Bank of Jinzhou back with the begging bowl

The Liaoning-based lender proposes multiple fundraising plans to shore up its capital base just four months after its Hong Kong listing.

Bank of Jinzhou, which completed its Hong Kong initial public offering in December last year, has hitched up to capital markets again with multiple fundraising proposals that together could raise as much as Rmb28.5 billion ($4.4 billion).

The plan, published after the market close on Tuesday, includes a highly dilutive issue of 1 billion new shares in a private placement that could raise roughly HK$6 billion ($773 million) based on the bank’s last closing share price -- just short of the $790 million raised from its IPO less than four months ago.

The shares would be placed with a maximum of 10 qualified foreign investors and, in view of the proposed deal's large relative size, could dilute the interests of existing shareholders by as much as 66%.

In addition, Bank of Jinzhou is planning to float a further third of its existing share capital by listing on either the Shanghai or Shenzhen exchanges. That could raise roughly $1.5 billion even without factoring in the A-share premium over H-share valuations that is typically seen when companies are listed in both Hong Kong and mainland China.

The Liaoning-based lender is also proposing to issue up to Rmb10 billion in five-year SME-specialised bonds and a maximum Rmb4 billion in 10-year tier-2 capital bonds. Both will be issued in the Chinese interbank bond market and will not trade publicly.

All fundraising proposals are subject to shareholder approvals as well as from the China Banking Regulatory Commission and China Securities Regulatory Commission.

Raising capital buffer

These cash calls should have come as little surprise to investors given that Bank of Jinzhou has one of the lowest capital adequacy ratios among city commercial banks in China.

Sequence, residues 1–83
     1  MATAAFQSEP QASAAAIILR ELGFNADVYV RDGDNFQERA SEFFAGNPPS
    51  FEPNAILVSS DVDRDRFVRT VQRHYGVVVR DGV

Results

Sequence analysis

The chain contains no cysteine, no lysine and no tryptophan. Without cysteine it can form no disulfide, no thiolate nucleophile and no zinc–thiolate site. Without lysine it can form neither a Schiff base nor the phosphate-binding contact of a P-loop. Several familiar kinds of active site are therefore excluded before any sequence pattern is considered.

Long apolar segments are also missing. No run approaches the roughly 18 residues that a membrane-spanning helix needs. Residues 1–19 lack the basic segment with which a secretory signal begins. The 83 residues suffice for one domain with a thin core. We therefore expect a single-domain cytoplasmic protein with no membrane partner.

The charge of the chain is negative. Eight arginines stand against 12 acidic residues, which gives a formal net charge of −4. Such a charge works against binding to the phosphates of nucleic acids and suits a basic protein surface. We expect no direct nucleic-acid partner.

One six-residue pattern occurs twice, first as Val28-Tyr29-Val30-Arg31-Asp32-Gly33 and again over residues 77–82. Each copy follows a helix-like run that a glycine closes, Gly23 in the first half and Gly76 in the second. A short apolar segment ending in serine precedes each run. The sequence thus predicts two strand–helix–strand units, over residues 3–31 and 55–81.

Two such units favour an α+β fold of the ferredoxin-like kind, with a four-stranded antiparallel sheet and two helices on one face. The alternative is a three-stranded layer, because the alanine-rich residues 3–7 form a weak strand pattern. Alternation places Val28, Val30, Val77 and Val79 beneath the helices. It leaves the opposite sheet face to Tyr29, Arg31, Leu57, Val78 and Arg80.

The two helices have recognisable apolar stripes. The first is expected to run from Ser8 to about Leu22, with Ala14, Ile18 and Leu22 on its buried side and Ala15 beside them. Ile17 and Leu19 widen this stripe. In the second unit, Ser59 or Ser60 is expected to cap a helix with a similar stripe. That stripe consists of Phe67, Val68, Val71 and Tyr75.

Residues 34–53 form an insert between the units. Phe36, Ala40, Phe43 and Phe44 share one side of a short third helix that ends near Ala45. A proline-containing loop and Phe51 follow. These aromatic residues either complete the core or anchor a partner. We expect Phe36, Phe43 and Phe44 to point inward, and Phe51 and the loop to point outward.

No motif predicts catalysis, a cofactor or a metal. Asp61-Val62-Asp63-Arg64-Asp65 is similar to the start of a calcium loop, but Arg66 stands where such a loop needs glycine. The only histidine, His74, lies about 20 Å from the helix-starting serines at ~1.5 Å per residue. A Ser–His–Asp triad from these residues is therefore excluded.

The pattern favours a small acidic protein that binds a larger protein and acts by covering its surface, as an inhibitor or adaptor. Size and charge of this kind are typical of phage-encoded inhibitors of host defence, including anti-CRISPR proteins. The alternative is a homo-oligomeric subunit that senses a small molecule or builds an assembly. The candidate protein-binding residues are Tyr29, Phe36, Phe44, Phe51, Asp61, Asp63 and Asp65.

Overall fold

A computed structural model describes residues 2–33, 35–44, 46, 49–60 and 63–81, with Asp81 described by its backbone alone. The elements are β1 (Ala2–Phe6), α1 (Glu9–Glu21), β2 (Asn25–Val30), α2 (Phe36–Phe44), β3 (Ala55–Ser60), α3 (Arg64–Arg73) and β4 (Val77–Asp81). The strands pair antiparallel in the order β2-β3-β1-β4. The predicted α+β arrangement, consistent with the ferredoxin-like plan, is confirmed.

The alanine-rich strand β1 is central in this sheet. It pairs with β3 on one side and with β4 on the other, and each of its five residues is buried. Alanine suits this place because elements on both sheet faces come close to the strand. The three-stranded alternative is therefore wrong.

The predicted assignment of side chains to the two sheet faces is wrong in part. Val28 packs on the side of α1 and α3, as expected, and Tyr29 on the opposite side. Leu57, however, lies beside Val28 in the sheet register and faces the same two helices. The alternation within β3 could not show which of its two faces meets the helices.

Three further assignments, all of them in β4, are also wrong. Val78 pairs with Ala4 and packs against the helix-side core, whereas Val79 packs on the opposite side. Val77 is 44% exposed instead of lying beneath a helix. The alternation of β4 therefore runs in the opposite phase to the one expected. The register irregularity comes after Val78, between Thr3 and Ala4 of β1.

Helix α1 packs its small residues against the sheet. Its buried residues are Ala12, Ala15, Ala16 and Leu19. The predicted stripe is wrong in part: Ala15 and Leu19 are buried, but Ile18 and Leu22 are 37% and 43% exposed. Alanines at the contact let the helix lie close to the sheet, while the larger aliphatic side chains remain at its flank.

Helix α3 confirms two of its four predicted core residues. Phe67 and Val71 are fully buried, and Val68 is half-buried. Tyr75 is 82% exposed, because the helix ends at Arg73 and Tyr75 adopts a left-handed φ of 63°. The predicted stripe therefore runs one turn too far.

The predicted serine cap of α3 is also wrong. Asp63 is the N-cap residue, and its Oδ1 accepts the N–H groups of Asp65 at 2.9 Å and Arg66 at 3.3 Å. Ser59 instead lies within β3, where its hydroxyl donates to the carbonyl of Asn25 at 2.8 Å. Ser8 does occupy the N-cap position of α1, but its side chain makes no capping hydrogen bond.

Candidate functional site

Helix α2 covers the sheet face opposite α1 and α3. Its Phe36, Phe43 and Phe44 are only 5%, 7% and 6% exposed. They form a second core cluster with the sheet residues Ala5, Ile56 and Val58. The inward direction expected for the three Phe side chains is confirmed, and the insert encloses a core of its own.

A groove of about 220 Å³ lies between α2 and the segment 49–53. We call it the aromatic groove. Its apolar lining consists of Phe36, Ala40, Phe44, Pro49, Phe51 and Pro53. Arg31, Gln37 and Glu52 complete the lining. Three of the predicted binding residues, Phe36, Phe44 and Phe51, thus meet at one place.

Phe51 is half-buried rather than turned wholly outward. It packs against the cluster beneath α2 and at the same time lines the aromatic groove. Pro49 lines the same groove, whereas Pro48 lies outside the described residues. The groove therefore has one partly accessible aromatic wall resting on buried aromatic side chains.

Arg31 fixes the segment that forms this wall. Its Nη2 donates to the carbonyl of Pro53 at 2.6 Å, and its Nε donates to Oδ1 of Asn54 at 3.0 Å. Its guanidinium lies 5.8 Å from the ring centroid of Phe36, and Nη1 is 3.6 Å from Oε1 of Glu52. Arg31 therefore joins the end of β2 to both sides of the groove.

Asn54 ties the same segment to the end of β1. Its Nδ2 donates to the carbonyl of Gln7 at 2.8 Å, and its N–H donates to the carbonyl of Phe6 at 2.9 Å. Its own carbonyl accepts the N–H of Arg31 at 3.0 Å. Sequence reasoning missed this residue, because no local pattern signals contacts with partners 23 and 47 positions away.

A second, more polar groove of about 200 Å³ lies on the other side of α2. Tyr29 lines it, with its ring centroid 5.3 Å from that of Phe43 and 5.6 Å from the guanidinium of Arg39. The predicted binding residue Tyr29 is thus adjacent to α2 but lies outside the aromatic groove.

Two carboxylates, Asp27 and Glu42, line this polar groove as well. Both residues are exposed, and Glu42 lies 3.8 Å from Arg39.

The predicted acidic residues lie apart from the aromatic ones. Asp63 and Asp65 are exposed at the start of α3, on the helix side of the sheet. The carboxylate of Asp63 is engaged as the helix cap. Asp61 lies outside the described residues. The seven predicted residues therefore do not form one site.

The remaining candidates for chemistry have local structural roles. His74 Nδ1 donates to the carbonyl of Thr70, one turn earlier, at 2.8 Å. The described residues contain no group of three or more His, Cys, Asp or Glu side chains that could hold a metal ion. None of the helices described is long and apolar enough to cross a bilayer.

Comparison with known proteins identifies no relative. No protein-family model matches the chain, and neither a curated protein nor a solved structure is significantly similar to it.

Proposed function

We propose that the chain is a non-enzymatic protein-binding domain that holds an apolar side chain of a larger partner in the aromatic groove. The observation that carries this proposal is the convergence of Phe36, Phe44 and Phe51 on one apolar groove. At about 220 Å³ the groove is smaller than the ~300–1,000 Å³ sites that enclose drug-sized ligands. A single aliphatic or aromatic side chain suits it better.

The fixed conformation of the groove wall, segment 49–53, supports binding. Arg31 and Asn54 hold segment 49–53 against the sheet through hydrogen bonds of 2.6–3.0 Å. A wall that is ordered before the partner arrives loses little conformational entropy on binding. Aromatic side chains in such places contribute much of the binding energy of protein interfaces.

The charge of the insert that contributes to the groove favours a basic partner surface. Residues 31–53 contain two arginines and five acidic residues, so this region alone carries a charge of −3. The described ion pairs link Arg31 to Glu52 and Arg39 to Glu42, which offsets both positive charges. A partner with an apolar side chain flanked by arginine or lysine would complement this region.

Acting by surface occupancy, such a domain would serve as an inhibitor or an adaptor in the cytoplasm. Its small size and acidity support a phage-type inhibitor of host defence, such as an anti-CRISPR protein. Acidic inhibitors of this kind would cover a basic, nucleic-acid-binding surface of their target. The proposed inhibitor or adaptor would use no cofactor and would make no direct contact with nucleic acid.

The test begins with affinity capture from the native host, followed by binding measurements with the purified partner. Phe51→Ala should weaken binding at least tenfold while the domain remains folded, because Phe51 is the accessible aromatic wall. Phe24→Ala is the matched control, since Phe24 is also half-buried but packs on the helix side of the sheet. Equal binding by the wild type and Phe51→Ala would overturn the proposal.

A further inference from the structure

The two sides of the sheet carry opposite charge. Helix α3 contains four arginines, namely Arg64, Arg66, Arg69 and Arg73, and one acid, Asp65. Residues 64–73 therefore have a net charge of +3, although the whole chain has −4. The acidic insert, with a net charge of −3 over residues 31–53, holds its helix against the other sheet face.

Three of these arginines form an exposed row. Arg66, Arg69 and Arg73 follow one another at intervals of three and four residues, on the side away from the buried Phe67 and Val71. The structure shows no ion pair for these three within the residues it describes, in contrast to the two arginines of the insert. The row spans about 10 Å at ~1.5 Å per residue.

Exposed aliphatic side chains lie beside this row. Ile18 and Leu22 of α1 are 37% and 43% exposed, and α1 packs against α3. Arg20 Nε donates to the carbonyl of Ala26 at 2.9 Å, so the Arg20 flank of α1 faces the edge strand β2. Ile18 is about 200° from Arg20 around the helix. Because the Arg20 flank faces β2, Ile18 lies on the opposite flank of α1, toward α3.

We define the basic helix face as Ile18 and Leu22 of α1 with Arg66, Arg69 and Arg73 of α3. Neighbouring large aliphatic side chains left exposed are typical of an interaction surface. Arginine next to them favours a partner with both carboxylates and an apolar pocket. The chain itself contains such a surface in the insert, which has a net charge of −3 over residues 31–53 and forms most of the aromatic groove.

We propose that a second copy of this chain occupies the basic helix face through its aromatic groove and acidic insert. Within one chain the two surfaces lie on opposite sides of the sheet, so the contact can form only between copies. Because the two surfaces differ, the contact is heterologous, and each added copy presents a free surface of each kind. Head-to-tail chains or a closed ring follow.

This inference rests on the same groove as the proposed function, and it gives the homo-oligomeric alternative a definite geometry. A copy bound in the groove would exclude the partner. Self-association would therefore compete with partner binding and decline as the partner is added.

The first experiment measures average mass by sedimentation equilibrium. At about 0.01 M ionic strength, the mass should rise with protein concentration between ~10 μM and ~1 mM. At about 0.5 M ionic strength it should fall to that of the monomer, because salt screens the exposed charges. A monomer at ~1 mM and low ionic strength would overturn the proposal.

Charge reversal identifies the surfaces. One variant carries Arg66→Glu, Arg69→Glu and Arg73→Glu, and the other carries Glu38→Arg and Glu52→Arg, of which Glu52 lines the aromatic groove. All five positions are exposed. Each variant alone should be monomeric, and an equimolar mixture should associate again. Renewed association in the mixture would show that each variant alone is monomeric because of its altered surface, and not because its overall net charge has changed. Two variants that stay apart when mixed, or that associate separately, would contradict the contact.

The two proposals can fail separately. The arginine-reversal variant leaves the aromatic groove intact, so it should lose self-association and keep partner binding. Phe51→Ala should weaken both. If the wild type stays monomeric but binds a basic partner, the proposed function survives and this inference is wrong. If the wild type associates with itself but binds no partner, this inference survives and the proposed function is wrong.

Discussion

According to the bank’s 2015 financial report, its capital adequacy ratio improved only slightly to 10.5% from 10.45% a year earlier, in spite of the equity capital raised from the sale of a 23.56% stake through its IPO.

Bank of Jinzhou's tier-1 capital adequacy ratio also improved only marginally to 8.97% from 8.64% in 2014.

Although the capital adequacy ratio was above the regulatory requirement of 9.3% as of the end of last year, it was the lowest among all of the Hong Kong-listed city commercial banks. The latest reported capital adequacy ratios for these banks range from 10.9% to 15%, according to their filings with the Hong Kong stock exchange.

Bank of Jinzhou’s capital pressure could be attributed to its aggressive expansion plan over the last three years, ICBC said in a research report last November. Its asset quality has also depreciated as a result of its slowing economy and population decline in northeast China, where the bank generates all of its revenue from.

Intriguingly, Bank of Jinzhou is currently the highest valued stock among all Chinese banks listed in Hong Kong. Its market capitalisation of HK$34.8 billion is equivalent to 1.43 times its 2015 book value after a 30% rise in its stock price since listing.

In comparison, most of the big banks are trading below last year's book value. The H-shares of China’s so-called Big Four banks are trading at between 0.64 and 0.77 times their respective book values. 

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